This arrangement of the beloved Herefordshire Carol uses different verses than the famous Vaughan Williams setting, focusing on the Christmas portion of the story. As the tenor line can be sung by baritones, it is suitable for smaller choirs as well as large ones. The organ is strongly featured.
Demo Recording by Matt Curtis, ChoralTracks.com
ABOUT THE CAROL
For this arrangement of “The Herefordshire Carol”, I have chosen verses 1, 6, 7, and 9, which focus more on the Christmas portion of the story rather than the Adam and Eve story that is featured in the famous settings of Vaughan Williams and has subsequently become the most familiar of the verse choices.
NOTES ON PREPARATION AND PERFORMANCE
In the first verses, all the rhythmic complexity is carried by the organ. The section beginning at bar 71 looks and sounds more complex than it is. The quarter note always stays even. Each part should maintain it’s own line shape integrity, however. For the last verse, beginning at bar 89, the lower voices and organ are in a much stronger register than the upper voices, at least until the very end. The lower voices should be allowed to dominate, as they have the melody.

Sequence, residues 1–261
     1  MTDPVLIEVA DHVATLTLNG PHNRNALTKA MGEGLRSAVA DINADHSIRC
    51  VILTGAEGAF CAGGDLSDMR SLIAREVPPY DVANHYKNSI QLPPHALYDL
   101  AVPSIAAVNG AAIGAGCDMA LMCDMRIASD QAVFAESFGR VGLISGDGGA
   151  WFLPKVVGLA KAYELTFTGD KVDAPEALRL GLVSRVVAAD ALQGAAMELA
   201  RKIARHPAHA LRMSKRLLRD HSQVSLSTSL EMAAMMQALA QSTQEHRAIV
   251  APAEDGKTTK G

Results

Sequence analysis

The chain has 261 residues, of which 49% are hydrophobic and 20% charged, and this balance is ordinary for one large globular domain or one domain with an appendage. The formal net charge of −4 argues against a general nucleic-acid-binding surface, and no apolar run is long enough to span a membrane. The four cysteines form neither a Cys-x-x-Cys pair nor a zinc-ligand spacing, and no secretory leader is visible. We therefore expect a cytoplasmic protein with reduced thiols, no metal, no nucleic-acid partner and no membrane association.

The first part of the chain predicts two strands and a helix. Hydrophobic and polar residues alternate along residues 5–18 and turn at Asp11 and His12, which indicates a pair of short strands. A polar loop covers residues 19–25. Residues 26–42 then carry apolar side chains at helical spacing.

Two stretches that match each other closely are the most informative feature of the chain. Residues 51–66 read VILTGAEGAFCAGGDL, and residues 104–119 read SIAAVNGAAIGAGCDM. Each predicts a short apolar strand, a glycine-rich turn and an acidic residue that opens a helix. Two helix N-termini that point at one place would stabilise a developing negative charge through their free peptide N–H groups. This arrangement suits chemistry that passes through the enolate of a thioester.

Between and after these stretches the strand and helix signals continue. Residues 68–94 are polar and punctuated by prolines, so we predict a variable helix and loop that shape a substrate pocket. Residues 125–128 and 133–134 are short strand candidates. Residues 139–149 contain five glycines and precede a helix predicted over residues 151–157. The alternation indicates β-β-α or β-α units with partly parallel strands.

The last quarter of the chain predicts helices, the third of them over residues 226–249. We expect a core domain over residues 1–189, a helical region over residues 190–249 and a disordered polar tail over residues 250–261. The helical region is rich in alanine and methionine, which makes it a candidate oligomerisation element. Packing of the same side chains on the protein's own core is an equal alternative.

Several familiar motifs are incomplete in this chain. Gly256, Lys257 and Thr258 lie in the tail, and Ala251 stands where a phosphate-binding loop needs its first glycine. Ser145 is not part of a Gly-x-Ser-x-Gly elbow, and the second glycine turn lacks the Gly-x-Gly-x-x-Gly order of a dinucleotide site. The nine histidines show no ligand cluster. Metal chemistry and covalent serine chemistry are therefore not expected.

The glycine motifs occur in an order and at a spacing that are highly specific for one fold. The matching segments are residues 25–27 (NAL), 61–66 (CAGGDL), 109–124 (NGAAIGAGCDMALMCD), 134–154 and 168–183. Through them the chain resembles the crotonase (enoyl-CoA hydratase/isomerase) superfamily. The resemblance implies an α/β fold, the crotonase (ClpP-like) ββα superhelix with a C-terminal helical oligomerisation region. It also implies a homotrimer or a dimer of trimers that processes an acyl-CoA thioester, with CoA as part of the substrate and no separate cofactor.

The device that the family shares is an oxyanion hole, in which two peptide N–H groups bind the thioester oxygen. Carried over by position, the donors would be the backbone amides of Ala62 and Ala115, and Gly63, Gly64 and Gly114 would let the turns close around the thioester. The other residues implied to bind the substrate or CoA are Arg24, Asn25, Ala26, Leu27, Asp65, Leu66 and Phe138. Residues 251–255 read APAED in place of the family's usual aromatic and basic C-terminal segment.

Cecil J. Sharp, English Folk-Carols pub. 1911
1. This is the truth sent from above,
The truth of God, the God of love;
Therefore don’t turn me from your door,
But hearken all, both rich and poor.
6. And at this season of the year
Our blest Redeemer did appear
He here did live, and here did preach,
And many thousands He did teach.
7. Thus He in love to us behaved,
To show us how we must be saved
And if you want to know the way
Be pleased to hear what He did say.
9. God grant to all within this place
True saving faith—that special grace,
Which to His people doth belong—
And thus I close my Christmas song.